out, she said.
“To be honest, if it comes up, people just shake their heads,” she explained. “It’s throw up your hands and look the other way.”
But not every islander is against drilling and some are on the fence.
Gray, 60, owner of the Sands of Time Campground in the historic village
of Avon, said it’s hypocritical for people who drive everywhere to
oppose drilling. Then again, she added, strict management of protected
birds has already limited beach access during certain times of the
year, so it would be bad if the effects of oil drilling added to the
love birds, except one bird lays an egg and the whole beach is closed,”
said Gray, who moved 40 years ago to Avon – her parents’ native home –
from Norfolk, Va. “Yeah, if oil spilled, it would kill us. But it would
be fast death, not an egg here and an egg there.”
NO PROBLEMS WITH DRILLING
through Avon, except for a Dairy Queen and a Food Lion grocery store,
there are few chain stores on the island, a point of pride for
islanders. There were also a number of shuttered businesses, which may
explain why some residents view an oil project as an economic booster.
don’t have a problem with drilling – there’s only been one or two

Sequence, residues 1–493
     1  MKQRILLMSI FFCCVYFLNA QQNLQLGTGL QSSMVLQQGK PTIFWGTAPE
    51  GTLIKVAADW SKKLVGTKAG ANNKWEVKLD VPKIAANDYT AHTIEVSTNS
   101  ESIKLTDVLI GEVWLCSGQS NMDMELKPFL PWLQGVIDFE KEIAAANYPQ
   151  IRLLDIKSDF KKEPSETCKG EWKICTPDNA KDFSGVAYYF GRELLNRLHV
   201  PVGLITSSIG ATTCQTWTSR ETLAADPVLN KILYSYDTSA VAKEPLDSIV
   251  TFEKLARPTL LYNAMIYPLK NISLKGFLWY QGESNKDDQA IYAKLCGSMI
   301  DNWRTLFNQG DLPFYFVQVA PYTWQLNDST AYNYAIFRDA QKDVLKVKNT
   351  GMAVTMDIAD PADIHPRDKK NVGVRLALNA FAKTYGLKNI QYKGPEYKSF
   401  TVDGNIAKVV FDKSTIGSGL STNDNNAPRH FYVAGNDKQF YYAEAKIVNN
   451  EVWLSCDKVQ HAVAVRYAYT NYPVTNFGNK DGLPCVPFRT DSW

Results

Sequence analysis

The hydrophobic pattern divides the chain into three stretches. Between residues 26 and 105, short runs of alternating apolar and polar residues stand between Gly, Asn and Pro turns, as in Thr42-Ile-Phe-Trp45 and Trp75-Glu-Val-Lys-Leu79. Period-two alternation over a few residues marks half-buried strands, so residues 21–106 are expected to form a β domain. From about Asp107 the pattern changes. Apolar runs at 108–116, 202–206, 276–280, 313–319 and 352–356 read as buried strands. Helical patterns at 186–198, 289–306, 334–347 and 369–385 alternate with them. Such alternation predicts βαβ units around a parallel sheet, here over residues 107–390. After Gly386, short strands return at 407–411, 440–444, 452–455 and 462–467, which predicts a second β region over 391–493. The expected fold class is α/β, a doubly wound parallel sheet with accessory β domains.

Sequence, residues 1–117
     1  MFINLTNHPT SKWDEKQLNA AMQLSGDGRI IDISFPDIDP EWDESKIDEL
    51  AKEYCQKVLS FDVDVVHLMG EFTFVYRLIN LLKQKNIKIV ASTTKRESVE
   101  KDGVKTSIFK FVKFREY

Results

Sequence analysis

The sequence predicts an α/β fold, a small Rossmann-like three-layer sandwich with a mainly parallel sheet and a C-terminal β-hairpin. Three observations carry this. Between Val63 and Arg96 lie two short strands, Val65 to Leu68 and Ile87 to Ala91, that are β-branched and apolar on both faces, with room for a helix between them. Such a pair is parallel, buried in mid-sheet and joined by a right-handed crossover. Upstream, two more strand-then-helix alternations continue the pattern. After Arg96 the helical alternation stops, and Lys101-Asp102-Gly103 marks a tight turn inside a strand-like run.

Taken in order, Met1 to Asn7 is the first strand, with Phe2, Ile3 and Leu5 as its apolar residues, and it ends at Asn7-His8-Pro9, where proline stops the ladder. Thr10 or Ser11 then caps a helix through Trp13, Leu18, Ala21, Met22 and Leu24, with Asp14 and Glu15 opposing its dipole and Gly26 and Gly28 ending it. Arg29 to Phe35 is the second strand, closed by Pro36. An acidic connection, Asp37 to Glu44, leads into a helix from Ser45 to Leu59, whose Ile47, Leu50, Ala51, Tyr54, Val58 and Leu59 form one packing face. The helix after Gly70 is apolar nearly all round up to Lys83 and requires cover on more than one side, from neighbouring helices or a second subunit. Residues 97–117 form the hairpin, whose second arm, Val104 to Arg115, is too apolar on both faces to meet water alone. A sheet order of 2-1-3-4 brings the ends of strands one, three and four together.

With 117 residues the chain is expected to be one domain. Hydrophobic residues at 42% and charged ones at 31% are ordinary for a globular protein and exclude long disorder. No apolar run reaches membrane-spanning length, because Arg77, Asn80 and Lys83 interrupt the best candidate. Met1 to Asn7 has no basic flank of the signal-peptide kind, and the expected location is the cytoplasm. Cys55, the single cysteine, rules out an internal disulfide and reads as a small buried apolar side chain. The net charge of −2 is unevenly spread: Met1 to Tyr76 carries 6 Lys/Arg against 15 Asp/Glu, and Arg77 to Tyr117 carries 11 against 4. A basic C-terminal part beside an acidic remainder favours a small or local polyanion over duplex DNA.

spills,” said Robert Henry, 67, at Red Drum Service Center in Buxton,
just north of the Cape Hatteras Lighthouse.
Yet, Henry agreed that an oil accident could hurt the island.
just as soon not have it out there,” he said, “because there’s so much
available on land. This is a precious resource. This place is barely
holding on by a thread because of those damn tree-huggers.”
at Pop’s Raw Bar, a popular local hangout in Buxton, two gents sitting
next to each other at the bar did not see offshore drilling as a threat.
the American future,” said Kevin Morris, owner of Cape Wood Campground
in Buxton. “It takes it away from the Arabs. I don’t have a problem
Jarvis, owner of Dillon’s Corner, a tackle and gift shop in Buxton, and
a resident for 65 years, seconded his friend’s assessment. “I think
it’s great for the economy of the United States to not depend on
foreign oil,” Jarvis said. “Maybe it would help bring more people to
the island if the gas prices were cheaper. The wells offshore, I mean,
you’ve got to take the good with the bad.”
was slow-going on two-lane Highway 12 through Frisco and Hatteras, but
it’s at the ferry dock at the tip of Hatteras where tourism makes
itself most evident. Since I was catching the free ferry to Ocracoke
Island late on a Sunday afternoon, I knew that the crowds wouldn’t be
bad because weekly renters had just arrived. In the height of summer on
mid-week day, the line of vehicles waiting to take the one-hour trip
can back up for miles.
was in one of the first vehicles in line, and boarded the vessel just
as the evening sun started tinting Pamlico Sound pink. Sunburned
tourists walked to the rail to photograph one another in front of the
panorama of water. As the ferry churned toward Hyde County, I took out
my veggie wrap and watched the show.